Getting Kids to Help around the House? Here is How…

I really want to live in a clean house!  Chasing after my boys, I do not have the time to scrub it during the day,  and energy – during the night.  Obviously, mom needs help.

I believe in these strategies:

  1. Working as a team.
  2. Taking baby steps: make it easier to succeed.
  3. Making certain chores other’s full responsibility.
  4. This is the best one and the hardest:  ignoring the problem.
  5. Very important: revisit the problem later in case the solution needs “tweaking” and PPRAISE A LOT for any improvement that you see along the way! 

1b1Working as a team.

 

Yep, just like at work. A call for a family meeting got my little ones excited and older ones suspicious. Yet I didn’t want to bestow my royal order onto thy subjects.  I believe, that once my close ones WANT to help, more things will get done, while wouldn’t need to nag, yell, and force.  And, believe it or not, they do WANT to help (I even had a hard time getting them back to their breakfast)!  So we made a list, together, of all the things that need to be done, and let everyone pick what they can help with.  For certain tasks, that nobody wants to do (or everybody wants to do), we decided to take turns doing it.

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Taking baby steps: make it easier to succeed

Problem: During evening bath, my kids drop their dirty clothes on the bathroom floor and leave it in a big messy pile.  Yuk!! Laundry baskets in their own rooms are happily ignored.

Expectations: I need those clothes in a laundry room, sorted into different baskets, ready to be washed.

What I am ready to chip in: Expecting kids to rush downstairs to a laundry room before bedtime – a bit too much.  So, instead of a messy-dirty pile, I need something neat, easy to drag downstairs.

Solution: I place a slim laundry bin right in a bathroom.  Line it with a bunch of mesh laundry bags.  Every night my kids dump their clothes in a mesh bag as they undress (makes it easy to succeed!) and I can easily pull it out and bring it downstairs later or in the morning.

Follow up: Consequences for leaving clothes on a floor – they are not getting washed.

Praise for… neat bathroom, clean clothes…

Added bonus: Now, sometimes, my boys help me drag the mesh bag downstairs when they go to get breakfast in the morning!

Baby steps: Down the road, taking the bag downstairs can be their responsibility!  Someday, may be even sorting and washing, but there are many baby steps ahead for that.

1a2.Make certain chores their full responsibility.

I am NEVER making my kids beds.  Once they know someone else will take care of it, they’ll just ignore it.  If it is their responsibility, it is up to them HOW to do it and WHEN.  We agree on TIME: e.g. making beds, tidy up your room and brush your teeth before breakfast.  We agree on QUALITY: nothing on a floor, nothing on a chair, blanket straight.

What if it is still not done? How about, yelling from another room “Did you already make your bed, or not, you, the messy savages?!”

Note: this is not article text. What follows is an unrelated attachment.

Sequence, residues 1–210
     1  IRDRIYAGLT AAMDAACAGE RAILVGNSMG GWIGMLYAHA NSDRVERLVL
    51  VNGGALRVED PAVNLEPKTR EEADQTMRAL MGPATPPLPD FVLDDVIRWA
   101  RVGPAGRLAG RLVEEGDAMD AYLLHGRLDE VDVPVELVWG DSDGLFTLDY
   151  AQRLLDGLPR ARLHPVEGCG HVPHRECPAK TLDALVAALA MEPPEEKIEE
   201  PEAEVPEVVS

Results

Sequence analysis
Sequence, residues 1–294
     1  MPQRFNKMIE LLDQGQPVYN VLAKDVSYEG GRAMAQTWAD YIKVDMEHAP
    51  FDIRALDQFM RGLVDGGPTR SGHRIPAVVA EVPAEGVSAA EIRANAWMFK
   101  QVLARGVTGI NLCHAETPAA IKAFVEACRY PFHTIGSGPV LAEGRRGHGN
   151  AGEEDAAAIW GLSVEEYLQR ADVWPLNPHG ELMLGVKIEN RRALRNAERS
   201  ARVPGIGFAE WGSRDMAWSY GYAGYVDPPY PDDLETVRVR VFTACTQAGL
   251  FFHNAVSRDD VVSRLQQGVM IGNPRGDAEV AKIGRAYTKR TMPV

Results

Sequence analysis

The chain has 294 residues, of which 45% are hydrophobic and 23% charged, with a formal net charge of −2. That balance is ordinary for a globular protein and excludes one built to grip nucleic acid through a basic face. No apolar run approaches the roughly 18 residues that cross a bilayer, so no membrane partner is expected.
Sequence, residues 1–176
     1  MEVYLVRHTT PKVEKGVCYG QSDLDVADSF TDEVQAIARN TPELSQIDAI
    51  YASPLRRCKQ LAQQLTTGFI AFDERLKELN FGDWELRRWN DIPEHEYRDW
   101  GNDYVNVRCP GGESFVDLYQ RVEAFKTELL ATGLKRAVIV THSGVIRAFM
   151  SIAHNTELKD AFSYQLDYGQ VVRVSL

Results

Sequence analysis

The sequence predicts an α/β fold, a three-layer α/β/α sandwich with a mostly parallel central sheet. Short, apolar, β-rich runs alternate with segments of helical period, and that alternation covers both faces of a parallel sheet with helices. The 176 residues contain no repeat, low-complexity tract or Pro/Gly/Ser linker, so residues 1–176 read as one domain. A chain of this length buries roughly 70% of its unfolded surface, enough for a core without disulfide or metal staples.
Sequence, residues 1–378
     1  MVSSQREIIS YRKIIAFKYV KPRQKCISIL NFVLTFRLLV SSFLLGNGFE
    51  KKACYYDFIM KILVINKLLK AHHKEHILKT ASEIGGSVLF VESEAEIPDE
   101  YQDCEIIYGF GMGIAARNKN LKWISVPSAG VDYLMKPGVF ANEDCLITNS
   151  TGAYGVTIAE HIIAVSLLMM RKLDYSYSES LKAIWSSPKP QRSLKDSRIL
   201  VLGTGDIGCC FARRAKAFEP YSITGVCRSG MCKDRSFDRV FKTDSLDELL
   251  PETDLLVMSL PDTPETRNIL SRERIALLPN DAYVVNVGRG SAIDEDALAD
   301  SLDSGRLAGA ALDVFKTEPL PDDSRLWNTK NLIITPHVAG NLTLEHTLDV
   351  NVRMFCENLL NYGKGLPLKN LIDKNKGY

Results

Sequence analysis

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For us “AFTER” is the magic word: “You can go downstairs AFTER you make your bed.”  While mishaps happens, but it is really rare for my kids to leave to school with untidy rooms.  If it happens, there is another “AFTER”: you can play (or have a playdate, or go to your sports activities) AFTER you finish up in your room.  AFTER is a terrific word: no need to nag, yell, get upset, make it for them.  

Other ways to remind I try are:

  • “I am all dressed and I am going to make my bed now.”
  • “It feels good to have a neat room with a well made bed.”
  • “Beds need to be made before breakfast.”

Or even a note with one word “bed” on a breakfast plate.  That one is powerful.

Ignoring the problem.

While I would love for my older one to be fully independent and capable, I find some skills more important.  He can do a lot, he usually helps me hang his clothes in his closet and he cleans up the toys and his desk better then I can do for mine, but if he has some time to read, I’d rather let him: even if he never learns to fold clothes, he’ll use laundry service as long as he has a good paycheck to pay for it!  So, I’ll concentrate on skills needed for that paycheck.

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While I wish my house was sparkling clean, I realize that my toddler is not going to be one year old forever… so I’ll just need to wait some things for him to grow out (throwing every one of my utensils on the floor) and gently teach him what’s the right place for them.  So, for now his older brothers and daddy can help me pick up after him, while we all enjoy the sheer cuteness of this age.

Revisit

We’ll try another family meeting down the road and see what worked, what needs adjusting.  In the meanwhile, I am busy praising every little tiny improvement that I see!

Honestly, not always I have that much patience, but it is worth to try.

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